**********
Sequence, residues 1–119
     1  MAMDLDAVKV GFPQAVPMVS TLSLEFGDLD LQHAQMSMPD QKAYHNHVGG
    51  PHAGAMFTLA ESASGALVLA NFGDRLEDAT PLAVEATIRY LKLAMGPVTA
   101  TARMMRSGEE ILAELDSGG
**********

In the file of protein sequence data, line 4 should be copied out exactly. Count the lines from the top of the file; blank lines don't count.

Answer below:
   101  TARMMRSGEE ILAELDSGG